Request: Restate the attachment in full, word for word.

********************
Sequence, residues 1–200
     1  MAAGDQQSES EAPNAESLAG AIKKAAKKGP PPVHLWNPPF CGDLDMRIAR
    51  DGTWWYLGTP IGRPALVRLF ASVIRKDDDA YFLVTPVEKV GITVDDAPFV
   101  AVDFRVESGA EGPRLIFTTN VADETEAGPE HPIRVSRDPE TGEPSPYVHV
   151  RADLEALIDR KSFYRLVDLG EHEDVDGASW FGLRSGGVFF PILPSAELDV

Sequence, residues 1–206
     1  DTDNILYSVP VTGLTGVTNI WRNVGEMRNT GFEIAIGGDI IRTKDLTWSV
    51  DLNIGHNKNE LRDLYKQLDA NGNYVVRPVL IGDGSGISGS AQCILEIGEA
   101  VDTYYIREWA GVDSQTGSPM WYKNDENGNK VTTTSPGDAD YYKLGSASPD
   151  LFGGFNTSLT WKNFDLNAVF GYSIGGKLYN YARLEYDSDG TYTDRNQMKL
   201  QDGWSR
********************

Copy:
Sequence, residues 1–200
     1  MAAGDQQSES EAPNAESLAG AIKKAAKKGP PPVHLWNPPF CGDLDMRIAR
    51  DGTWWYLGTP IGRPALVRLF ASVIRKDDDA YFLVTPVEKV GITVDDAPFV
   101  AVDFRVESGA EGPRLIFTTN VADETEAGPE HPIRVSRDPE TGEPSPYVHV
   151  RADLEALIDR KSFYRLVDLG EHEDVDGASW FGLRSGGVFF PILPSAELDV

Sequence, residues 1–206
     1  DTDNILYSVP VTGLTGVTNI WRNVGEMRNT GFEIAIGGDI IRTKDLTWSV
    51  DLNIGHNKNE LRDLYKQLDA NGNYVVRPVL IGDGSGISGS AQCILEIGEA
   101  VDTYYIREWA GVDSQTGSPM WYKNDENGNK VTTTSPGDAD YYKLGSASPD
   151  LFGGFNTSLT WKNFDLNAVF GYSIGGKLYN YARLEYDSDG TYTDRNQMKL
   201  QDGWSR